Double whammy in four pages and sixteen hundred words!

That was about thirteen years ago.The test verified AS, although without a first-person interview with parents a diagnosis can’t be confirmed, and Peter’s parents were deceased. But for me, the results explained everything.

Early in our relationship, Peter told me he’d always felt different, out of place. I chalked that up to what I called the “engineer’s personality.” He was extremely focused on his work, highly intelligent, obsessed with certain things, had repetitive habits, and his social skills were lacking. Often, people with AS have only one friend because they see no need for more! My husband says he’s had one friend at each phase of his life. Two of them, Martin, a college friend, and Jerry, a GE colleague, are still close. While writing this I’ve realized that in this phase of his life — retirement — I’m his friend. That’s good and bad. Another whammy.

I told Peter his “difference” was what I loved about him because “cookie cutter” men had no appeal. At the time, of course, I had no idea he was on the autism spectrum. In fact, the autism spectrum hadn’t even been defined when we met in 1974.

When he was at a party with his mates he was hilarious. After a couple of beers, he’d lead the group singing naughty pub songs, tell bawdy jokes, and turn on his English accent to make the women swoon. Yet, if we went to a party with my friends he was a totally different person: he would scarcely talk, smile, or even eat!

Even though we were a couple from the night we met, he stressed that he’d never marry again. “I’m not any good at marriage,” he’d say.

It took me seven years to change his mind, but that’s another story. We “tied the knot,” figuratively, almost thirty-three years ago.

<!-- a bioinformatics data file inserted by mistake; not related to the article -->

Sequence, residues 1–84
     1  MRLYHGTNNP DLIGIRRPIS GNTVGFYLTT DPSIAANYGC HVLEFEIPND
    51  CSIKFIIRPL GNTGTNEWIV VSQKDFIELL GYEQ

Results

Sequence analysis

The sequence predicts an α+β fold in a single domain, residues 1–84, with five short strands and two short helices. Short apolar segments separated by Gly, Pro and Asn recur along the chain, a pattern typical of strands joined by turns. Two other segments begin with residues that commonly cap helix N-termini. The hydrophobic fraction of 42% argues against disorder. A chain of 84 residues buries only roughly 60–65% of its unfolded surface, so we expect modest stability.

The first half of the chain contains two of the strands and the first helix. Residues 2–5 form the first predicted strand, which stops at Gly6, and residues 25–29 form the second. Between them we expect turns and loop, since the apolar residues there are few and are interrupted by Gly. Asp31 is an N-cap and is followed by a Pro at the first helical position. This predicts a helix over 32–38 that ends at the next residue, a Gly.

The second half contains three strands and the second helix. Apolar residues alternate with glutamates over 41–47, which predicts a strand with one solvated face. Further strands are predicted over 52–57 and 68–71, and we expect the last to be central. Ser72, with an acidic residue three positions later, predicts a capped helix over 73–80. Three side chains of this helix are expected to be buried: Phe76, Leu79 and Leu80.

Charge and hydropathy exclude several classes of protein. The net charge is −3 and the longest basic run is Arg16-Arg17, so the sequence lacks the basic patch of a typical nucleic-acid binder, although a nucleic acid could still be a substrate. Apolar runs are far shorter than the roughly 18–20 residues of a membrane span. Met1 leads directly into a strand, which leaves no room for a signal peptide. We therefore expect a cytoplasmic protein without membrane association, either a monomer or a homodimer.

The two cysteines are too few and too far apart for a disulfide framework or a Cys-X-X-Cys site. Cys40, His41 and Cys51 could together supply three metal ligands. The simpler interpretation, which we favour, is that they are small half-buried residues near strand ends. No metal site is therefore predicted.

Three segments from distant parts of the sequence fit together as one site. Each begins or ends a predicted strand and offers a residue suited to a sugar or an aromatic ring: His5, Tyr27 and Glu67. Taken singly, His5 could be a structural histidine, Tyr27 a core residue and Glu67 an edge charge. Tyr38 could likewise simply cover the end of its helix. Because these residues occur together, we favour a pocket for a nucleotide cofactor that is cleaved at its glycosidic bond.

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Fast forward about twenty years from 1981 to Leslie’s assessment and my subsequent quest to find a way to “modify” Peter. I hoped he’d magically become more personable, at least some of the time, instead of one who shone only at parties with his friends.

I read books, searched on-line, went to seminars, saw a psychologist who was schooled in AS, joined help groups. I learned I would have to change to adapt to his behavior, learn new ways to deal with his AS. I asked him to talk to the psychologist too, but he would not. I wasn’t surprised.

I changed. Peter didn’t.

Except he did, but not in the way I’d hoped, and it had nothing to do with my concerned, but misguided efforts. He seemed to go adrift. He became short-tempered, argumentative, and sulky, all so unlike him. Was his fear about re-marrying coming true?

The seed for this blog was planted then, with his referral to a neurologist, more testing, re-testing, and his slow road to forgetting.

4 thoughts on “Double whammy in four pages and sixteen hundred words!

  1. Ohhhhh Judy! What a story, and many points to nod my head over. You’ve really done amazing research over many years and explored every avenue. Any form of mental illness, whatever the severity (even my Bill’s years of dealing with depression), to me at least, is far worse than any physical illness. But not for us to chose, our lot in life. Peter is a very lucky guy to have met and married you!! {and I’ll be waiting for the story of that seven-year campaign 🙂 } cj

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  2. I’ve always liked the title of Joanne Greenberg’s book, “I never promised you a rose garden.” Literal J. Seinfeld and P. Clarke wouldn’t understand the line, but it sings to me! The book was good too.

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